You see, we have no need of animal sacrifices. God has come in the person of Jesus Christ his son to reveal God’s own essence in human form. He offered himself as the one sufficient sacrifice for the sins of the whole world – once for all time. It is what the temple and the tabernacle before it were built to point towards all those years ago, but now we have not a symbol and a promise but accomplished truth. We also have even more than sacrifice and atonement. We also have the living presence of the Holy Spirit given to each who claim Jesus as Lord and Savior. The Holy of Holies, that was the meeting place of God and humans is now among us as the body of Christ in the world. We need no priest to offer sacrifices on our behalf and offer prayers for us. Jesus Christ prays for us and his Spirit within us guides our prayers. We have direct access to God the Father Almighty through the grace of Jesus and the gift of the Spirit. Paul says it so well when he describes us this way: Romans 8:26-27 NLT  And the Holy Spirit helps us in our weakness. For example, we don’t know what God wants us to pray for. But the Holy Spirit prays for us with groanings that cannot be expressed in words.  And the Father who knows all hearts knows what the Spirit is saying, for the Spirit pleads for us believers in harmony with God’s own will.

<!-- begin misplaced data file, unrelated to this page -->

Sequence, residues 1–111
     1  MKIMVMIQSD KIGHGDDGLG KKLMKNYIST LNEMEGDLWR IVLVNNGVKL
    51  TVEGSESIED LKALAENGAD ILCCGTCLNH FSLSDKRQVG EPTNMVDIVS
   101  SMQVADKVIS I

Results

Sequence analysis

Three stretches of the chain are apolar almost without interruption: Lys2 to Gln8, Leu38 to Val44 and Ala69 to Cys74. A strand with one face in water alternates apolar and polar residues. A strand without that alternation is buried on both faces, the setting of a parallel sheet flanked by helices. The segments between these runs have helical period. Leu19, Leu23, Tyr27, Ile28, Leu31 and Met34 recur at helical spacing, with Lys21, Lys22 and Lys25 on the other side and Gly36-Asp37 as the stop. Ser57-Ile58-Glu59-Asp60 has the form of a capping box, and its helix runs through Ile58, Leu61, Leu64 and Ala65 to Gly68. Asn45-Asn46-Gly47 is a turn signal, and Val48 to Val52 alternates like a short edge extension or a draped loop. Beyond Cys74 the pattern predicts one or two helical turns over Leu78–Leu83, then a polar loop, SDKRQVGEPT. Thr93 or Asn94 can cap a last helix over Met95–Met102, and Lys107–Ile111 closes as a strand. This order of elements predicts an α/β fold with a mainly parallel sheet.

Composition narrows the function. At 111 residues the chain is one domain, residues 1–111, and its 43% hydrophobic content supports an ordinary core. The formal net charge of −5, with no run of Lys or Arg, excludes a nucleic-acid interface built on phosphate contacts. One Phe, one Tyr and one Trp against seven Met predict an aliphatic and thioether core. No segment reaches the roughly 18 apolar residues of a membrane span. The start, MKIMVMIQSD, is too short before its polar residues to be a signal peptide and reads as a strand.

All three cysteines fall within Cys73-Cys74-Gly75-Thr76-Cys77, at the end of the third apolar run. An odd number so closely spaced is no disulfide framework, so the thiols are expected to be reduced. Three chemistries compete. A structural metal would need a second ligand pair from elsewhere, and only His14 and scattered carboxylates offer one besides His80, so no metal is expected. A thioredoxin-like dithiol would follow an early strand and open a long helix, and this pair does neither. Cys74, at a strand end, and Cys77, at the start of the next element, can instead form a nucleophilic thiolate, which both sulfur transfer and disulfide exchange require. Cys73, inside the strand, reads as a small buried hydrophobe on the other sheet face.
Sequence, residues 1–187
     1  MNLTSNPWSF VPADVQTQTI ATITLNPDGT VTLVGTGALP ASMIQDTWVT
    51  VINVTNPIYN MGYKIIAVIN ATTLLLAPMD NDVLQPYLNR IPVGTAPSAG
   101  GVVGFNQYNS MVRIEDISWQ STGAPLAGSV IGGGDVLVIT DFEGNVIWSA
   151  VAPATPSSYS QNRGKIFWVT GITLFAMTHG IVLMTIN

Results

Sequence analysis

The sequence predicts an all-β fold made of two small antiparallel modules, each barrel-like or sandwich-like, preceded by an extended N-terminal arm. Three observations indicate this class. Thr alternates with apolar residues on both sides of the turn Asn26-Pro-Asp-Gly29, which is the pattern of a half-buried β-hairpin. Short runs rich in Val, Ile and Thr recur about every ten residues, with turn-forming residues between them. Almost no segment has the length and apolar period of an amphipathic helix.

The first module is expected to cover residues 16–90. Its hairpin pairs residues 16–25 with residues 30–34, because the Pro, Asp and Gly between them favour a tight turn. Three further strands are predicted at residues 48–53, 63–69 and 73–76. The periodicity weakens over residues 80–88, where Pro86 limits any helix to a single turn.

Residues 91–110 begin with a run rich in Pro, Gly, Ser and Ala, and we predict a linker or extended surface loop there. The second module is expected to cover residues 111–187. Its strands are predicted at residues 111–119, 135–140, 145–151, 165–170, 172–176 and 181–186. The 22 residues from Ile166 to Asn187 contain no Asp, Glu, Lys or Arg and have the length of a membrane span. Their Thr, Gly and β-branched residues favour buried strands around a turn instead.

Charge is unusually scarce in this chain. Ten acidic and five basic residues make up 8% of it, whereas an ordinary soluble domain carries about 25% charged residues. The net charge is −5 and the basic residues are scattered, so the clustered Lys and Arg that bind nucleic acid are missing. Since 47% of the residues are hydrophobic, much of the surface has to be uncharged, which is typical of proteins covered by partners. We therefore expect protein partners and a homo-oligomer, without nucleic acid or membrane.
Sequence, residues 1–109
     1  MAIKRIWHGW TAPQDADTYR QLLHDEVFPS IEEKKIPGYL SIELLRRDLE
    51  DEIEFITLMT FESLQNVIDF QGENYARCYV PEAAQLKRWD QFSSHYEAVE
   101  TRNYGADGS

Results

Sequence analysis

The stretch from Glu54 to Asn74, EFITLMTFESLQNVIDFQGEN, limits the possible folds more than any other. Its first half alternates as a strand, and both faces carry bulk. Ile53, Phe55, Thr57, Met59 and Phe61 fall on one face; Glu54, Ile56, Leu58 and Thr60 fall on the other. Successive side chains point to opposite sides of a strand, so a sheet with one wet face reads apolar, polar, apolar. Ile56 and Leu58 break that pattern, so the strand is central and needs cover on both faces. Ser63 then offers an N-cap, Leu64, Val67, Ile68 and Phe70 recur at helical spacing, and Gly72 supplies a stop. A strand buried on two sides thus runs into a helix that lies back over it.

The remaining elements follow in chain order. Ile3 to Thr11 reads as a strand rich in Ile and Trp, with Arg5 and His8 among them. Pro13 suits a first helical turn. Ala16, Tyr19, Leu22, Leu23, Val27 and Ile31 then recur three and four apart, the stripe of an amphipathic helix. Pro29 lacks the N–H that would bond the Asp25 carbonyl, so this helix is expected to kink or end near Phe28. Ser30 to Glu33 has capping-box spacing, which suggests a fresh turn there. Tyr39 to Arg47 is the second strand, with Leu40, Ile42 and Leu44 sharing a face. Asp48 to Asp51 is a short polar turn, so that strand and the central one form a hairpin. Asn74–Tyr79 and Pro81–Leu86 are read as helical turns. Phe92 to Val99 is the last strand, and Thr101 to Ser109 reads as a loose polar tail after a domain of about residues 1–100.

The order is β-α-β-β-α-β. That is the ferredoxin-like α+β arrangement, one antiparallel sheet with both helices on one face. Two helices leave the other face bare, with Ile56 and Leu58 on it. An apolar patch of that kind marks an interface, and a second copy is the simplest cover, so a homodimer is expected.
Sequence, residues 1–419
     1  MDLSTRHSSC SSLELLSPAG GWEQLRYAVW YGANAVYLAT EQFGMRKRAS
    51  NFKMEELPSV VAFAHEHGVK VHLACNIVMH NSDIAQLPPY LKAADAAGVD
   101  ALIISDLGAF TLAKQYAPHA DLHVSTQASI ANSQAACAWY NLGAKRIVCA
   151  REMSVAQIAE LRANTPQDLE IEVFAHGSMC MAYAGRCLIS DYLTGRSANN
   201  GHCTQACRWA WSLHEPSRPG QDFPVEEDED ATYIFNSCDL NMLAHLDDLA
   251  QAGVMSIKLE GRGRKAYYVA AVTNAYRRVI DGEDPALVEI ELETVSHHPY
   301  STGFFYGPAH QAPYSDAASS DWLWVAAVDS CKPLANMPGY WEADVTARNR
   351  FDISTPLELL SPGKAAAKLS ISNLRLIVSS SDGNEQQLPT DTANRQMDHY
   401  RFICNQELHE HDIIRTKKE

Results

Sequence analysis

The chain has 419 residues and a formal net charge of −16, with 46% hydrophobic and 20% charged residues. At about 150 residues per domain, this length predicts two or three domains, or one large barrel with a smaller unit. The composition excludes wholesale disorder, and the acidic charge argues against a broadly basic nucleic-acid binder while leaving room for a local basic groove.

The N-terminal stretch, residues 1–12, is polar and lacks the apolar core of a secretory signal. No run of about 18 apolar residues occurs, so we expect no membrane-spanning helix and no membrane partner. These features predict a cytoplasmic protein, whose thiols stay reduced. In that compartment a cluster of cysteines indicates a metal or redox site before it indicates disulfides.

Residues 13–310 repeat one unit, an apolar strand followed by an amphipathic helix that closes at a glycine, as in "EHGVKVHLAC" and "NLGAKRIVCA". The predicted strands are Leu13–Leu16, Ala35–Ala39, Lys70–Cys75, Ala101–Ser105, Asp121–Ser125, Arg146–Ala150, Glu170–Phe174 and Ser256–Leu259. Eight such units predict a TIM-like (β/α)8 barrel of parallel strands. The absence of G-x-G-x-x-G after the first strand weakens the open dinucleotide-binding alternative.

So then there is one more thing that must be said about this place, and that is the reason that we are gathered together. Our relationship with God is not merely an individual one. We are called together into the body of Christ of which this congregation is a part. We are called to be together, to teach each other, to lift each other up, to live each other and forgive each other as Christ has done for us. We are the family of God, brothers and sisters together. Christianity cannot be a only a solitary exercise, it is defined by love. Love for God and Love for each other. And you can’t love others if you isolate yourself from them. This also means that the true church on this earth is never complete. It is always under construction, always being shaped and formed, always reaching out to others.
This place then is a house of prayer, a meeting place with the people of God, a focus point for this family to remind us of the things of God. A place to learn, to celebrate and remember God’s saving acts. It is a work in progress, God is not done with us yet. It is a mission station where the kingdom of God reaches out to a broken and hurting world. It is all these things and more, but it does not need cherubim and layers of gold leaf to do those things. What makes it holy and special is the Spirit filled souls that gather within it.